is the longer leg. About 1600 nautical miles (1 nautical mile = 1.85 km).
Easter Island is famous for big statues, ancient cultures, and being
remote. I look forward to finding out what more there is to it. The
rudder on our hydrovane broke yesterday, maybe something that can fix it
could be sent to Easter Island.. that could take weeks (a smile with
that). But then again, some people aren't even able to stop there for
one day due to big seas and weird winds. We're now using Keith, the
electronic autopilot, to steer us while Otto has a rest. Bit by bit we
learn the strengths and weaknesses of all our tools, ourselves included.
It's not so easy to write while on the move, so excuse any lethargy that
might come across. Between each sentence I have to look up, seek out the
horizon, imagine a gulp of fresh air. We are 'beating', and hard. An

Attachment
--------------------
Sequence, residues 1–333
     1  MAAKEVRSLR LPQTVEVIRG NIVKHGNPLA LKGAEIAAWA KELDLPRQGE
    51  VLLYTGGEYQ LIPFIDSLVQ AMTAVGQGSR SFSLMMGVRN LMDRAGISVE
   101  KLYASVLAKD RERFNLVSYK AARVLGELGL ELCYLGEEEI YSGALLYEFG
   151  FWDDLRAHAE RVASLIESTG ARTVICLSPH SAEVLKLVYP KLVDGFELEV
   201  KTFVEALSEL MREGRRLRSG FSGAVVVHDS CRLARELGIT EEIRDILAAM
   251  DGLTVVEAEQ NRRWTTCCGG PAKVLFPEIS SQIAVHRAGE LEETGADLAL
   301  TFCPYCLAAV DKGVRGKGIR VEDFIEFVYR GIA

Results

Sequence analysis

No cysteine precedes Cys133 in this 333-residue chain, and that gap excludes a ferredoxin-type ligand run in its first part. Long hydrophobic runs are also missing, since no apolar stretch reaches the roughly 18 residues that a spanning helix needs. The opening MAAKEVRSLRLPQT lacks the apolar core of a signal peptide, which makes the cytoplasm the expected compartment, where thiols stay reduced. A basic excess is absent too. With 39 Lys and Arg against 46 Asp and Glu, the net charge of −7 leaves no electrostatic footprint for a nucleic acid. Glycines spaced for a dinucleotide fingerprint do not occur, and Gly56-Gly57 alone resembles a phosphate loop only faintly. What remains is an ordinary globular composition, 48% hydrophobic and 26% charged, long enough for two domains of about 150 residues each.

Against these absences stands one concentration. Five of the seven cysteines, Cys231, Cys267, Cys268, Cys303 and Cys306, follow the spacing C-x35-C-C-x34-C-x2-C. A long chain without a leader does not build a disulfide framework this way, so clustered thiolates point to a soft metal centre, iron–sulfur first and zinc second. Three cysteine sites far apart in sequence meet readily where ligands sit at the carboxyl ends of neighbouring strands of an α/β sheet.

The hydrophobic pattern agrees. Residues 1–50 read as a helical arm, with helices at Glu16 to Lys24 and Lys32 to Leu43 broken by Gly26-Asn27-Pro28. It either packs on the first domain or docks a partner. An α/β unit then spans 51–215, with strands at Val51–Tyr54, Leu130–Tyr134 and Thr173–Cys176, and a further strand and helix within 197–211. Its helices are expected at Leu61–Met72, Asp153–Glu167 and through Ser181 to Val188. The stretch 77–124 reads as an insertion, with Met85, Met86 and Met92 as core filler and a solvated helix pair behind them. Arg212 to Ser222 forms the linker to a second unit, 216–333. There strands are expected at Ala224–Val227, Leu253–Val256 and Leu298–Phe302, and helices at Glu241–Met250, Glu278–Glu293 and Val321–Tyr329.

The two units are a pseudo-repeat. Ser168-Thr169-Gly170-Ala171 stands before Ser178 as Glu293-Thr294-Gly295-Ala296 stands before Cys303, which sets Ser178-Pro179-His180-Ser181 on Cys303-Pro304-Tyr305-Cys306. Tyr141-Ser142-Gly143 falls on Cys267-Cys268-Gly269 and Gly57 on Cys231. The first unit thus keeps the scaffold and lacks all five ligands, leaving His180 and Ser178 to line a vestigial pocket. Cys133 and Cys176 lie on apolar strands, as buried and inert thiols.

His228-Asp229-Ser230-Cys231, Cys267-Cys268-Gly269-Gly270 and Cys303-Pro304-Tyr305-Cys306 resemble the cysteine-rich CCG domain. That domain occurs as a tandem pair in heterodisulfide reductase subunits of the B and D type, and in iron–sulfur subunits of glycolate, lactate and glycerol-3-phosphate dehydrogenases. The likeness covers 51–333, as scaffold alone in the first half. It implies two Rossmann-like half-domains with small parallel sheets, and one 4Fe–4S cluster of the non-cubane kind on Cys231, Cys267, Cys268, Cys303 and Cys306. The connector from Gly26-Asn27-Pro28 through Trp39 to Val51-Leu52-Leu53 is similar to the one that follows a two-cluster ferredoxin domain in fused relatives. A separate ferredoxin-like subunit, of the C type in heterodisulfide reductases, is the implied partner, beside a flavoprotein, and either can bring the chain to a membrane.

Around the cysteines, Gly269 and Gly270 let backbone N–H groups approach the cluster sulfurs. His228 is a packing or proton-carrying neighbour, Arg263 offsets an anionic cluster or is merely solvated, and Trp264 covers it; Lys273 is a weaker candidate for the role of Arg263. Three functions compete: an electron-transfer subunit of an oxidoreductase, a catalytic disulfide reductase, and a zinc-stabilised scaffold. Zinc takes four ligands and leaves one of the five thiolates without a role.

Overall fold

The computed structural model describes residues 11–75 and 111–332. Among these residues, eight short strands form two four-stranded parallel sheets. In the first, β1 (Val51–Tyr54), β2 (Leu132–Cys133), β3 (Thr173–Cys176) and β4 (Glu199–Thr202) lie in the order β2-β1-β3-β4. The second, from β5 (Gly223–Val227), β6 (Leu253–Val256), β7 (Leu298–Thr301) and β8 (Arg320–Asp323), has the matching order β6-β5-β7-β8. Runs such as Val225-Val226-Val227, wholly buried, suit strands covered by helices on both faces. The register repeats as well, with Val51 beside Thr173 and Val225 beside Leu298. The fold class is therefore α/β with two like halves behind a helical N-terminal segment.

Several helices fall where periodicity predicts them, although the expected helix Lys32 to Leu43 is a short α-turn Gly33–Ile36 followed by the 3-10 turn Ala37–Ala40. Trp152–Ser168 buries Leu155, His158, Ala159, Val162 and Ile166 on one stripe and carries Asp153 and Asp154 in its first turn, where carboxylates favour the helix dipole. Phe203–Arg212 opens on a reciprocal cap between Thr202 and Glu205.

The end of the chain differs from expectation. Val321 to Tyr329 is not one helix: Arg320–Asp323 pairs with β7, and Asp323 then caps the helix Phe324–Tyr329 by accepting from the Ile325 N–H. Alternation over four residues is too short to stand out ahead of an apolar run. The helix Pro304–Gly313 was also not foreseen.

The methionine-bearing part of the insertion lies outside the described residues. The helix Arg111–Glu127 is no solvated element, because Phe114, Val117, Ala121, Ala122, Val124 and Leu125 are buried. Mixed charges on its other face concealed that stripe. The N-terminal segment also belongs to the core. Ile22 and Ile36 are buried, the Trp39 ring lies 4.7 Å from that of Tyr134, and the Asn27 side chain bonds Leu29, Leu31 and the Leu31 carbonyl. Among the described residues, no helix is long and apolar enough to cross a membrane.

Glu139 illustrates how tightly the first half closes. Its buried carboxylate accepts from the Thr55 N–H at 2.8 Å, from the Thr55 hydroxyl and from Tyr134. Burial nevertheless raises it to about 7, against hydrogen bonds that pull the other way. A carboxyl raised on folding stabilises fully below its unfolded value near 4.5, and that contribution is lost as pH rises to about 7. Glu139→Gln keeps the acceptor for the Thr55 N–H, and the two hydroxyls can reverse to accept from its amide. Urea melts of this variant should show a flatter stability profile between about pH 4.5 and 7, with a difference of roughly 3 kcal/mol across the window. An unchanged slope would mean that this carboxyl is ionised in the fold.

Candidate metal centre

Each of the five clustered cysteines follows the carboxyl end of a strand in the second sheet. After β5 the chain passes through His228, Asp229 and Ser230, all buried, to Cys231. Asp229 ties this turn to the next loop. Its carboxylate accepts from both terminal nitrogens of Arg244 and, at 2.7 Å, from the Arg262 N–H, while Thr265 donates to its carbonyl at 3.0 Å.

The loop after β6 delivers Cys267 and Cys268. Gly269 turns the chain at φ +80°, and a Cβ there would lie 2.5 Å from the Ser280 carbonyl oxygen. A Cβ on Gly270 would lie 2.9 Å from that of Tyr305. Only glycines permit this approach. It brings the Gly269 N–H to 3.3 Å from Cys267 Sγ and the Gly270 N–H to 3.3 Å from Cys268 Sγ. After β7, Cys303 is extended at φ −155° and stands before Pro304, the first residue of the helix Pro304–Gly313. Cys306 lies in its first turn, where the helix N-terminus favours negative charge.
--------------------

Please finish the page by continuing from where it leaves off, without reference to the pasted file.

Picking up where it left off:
appropriate term considering how it feels. Beating – sailing as close to
the wind as possible because ideally we'd be driving right into it. The
boat is on a steep angle, waves regularly wash our lower edge, and it's
a bumpy ride. There's a forward backward rocking as we fight across
waves, and a side to side permanently changing lilt. I have strapped
myself and laptop into a corner of the boat near a 12V plug, fortified
by cushions and lee cloths. A lee cloth is a piece of material that is
tied up on the non-wall side of your bed at night,- to stop you rolling
out. Right now all my weight leans against this.
Passaging means watches, yes. And we may have finally found a routine
that works for us. Three hours on and off, 10pm-1am (Rhian); 1am – 4am